As of actual profits, would be interesting what fared better for an AA/A company such as Obsidian, btw. The first POE game (the second flopped, naturally, as did Tyranny) or The Outer Worlds. COnsidering Urquhart's interviews at the time of POE1's success, it seemed that didn't do too shabby business. Naturally, as a studio of a certain size, you can't exclusively do small/er projects such as PoE. Still curious about the game that Josh Sawyer is working on, which is apparently being done with a very small team. As projects such as this can also take more risks, there's apparently also actually little combat being involved, when most RPGs, including indies, are full of combat.

Studios all seem to aim to be growing anyways (that's how Bioware of old eventually changed, too, every new game needed to be bigger and reach a wider audience than the last, some ex-employees called that the "blockbuster mentality") -- so maybe that's the "natural" route to take. First you make fairly specialized, comparably niche games, and then go you bigger the further you grow. Here's hoping that companies such as Owlcat who seem to be doing actually even better with their second game still stay reasonably specialized. I don't think in the future they'll exclusively make Pathfinder games (a Starfinder game was in the rumours a while back already). But they could specialize as the TT conversion company, say.

To me an actually healthy market is all about diversity. And for a period prior to the Kickstarter renaissance, outside of REALLY small indies on shoestring budgets (a torch guys like Jeff Vogel and Spiderweb had been carrying for decades), there wasn't all that much choice. In parts that's because the games industry was in a transition stage: The origins of Western RPGs are firmly planted into the home computer/PC space. Then suddenly there was the demand to focus on multi-platform releases. And then basically all the former big dogs outside of Bioware and Bethesda, who quickly made that transition just flat out died (Troika, Sir-Tech, Origin, Black isle, New World Computing, Interplay, SSI, Westwood, Attic etc. etc.) . Even Bethesda was almost broke before Morrowind came out and basically saved the company, btw.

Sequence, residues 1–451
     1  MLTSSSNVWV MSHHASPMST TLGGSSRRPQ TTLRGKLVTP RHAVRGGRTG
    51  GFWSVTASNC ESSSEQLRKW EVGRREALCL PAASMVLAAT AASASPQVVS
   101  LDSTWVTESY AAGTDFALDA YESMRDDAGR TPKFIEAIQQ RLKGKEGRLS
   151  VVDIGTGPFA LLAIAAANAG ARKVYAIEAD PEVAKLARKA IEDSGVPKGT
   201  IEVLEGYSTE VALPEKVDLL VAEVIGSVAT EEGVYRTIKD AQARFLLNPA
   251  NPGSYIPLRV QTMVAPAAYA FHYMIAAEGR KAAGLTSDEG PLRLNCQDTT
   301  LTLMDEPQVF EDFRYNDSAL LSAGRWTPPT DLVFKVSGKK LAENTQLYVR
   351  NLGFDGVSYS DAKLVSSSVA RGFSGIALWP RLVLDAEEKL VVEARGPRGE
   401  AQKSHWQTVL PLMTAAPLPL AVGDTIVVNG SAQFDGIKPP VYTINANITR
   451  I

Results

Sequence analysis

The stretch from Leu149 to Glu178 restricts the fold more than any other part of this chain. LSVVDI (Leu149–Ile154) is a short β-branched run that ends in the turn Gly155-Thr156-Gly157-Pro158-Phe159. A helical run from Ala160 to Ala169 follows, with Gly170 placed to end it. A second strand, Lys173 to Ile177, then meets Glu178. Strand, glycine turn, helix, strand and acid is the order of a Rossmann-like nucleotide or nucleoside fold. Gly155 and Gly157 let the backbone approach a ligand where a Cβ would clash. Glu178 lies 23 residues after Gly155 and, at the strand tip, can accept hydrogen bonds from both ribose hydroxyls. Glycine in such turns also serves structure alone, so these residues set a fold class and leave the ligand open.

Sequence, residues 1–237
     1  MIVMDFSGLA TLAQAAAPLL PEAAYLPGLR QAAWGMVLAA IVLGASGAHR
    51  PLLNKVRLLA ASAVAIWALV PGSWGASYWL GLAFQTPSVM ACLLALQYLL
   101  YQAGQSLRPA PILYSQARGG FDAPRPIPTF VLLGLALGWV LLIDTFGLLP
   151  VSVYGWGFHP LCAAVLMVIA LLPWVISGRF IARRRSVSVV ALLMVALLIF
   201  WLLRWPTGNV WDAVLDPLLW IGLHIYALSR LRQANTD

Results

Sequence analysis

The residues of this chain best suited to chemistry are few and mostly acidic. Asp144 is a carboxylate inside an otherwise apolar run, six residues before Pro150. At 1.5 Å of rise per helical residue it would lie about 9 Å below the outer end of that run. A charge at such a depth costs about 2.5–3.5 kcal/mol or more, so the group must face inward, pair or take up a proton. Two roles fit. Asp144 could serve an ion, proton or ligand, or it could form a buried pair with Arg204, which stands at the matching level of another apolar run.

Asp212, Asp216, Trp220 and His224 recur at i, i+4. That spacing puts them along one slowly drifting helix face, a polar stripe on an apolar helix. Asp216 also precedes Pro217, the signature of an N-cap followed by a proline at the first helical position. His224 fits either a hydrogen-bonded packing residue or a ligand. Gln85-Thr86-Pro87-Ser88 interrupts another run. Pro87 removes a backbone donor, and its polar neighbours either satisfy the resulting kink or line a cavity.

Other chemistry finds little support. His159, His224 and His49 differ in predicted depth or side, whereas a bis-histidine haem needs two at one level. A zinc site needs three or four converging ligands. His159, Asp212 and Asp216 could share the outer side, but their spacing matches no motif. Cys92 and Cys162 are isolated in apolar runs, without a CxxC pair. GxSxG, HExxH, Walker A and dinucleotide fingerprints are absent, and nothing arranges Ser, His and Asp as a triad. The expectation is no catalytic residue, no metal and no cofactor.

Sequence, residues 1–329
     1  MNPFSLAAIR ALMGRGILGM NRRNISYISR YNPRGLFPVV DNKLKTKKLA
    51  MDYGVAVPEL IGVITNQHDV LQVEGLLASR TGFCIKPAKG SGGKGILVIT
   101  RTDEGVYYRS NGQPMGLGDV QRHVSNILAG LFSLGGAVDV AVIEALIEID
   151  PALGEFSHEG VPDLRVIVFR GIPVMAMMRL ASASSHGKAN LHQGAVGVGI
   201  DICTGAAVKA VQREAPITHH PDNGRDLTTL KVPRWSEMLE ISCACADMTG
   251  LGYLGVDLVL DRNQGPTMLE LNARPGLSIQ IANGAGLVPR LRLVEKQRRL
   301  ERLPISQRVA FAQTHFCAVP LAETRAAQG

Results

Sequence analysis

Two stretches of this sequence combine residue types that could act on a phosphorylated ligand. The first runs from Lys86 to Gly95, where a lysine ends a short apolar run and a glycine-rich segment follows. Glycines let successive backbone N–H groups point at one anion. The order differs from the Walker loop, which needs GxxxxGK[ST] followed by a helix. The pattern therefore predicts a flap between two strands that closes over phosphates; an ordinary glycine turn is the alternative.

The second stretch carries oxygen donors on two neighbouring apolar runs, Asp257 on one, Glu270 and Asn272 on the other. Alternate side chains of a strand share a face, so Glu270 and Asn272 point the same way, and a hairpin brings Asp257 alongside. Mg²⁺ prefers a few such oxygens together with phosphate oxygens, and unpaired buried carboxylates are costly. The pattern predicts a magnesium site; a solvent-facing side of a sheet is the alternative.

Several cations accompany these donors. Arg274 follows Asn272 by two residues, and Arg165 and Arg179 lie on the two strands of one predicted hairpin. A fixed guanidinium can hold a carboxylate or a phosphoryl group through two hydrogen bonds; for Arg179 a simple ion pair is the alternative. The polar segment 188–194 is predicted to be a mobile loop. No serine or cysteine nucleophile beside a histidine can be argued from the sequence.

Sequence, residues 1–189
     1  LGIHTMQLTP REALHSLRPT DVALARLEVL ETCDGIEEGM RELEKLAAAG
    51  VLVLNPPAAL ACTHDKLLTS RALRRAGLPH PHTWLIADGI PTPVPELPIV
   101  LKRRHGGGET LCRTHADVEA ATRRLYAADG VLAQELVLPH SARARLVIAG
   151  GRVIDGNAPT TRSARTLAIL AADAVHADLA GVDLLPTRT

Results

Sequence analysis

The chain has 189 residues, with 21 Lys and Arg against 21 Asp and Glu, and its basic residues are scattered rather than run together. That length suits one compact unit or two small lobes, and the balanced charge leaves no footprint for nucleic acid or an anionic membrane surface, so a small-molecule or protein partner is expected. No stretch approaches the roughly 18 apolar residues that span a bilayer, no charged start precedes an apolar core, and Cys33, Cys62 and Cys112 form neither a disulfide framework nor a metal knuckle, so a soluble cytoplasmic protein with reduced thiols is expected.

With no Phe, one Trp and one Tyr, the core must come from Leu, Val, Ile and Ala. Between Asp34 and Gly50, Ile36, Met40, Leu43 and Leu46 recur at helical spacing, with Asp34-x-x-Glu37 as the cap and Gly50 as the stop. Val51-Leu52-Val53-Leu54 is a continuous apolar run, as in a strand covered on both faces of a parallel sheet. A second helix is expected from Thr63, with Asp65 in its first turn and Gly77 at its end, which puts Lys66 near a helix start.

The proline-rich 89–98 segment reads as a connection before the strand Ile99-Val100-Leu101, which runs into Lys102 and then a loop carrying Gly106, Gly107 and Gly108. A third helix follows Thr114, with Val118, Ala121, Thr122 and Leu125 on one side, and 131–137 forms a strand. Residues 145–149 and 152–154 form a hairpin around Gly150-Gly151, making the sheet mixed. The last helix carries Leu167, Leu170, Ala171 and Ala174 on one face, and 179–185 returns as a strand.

Don't think that's happened to any other genre since, not in these volumes.

Last edited by Sven_; 13/10/21 06:01 PM.
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Originally Posted by robertthebard
Here's my problem with your analysis, and I asked about it in my post: How many of those sales numbers are people buying multiple copies? I own The Witcher once, and 2 copies of both 2 and 3. One each for PC and XBox. The same applies to all of the ME games, including the recent release. I have 2 copies of Skyrim, but I'm not buying the recent release, and I didn't touch the VR version. Skyrim is an interesting choice here, since there's Vanilla for all platforms, then the Special Edition, and 3 or 4 other re-releases. Then there's the platform issue. Currently, this game isn't available on consoles. So let's compare apples to apples, what are the Skyrim sales for PC/Stadia? How do they compare? The same for the Witcher series. Then, let's compare initial release sales for the one platform. It's not that I think this game's going to be a record setter, although it might, but when I see people comparing sales numbers from 5 or 6 platforms, over 10 years, vs a single platform release, in EA, I start scratching my head, wondering what they're trying to prove.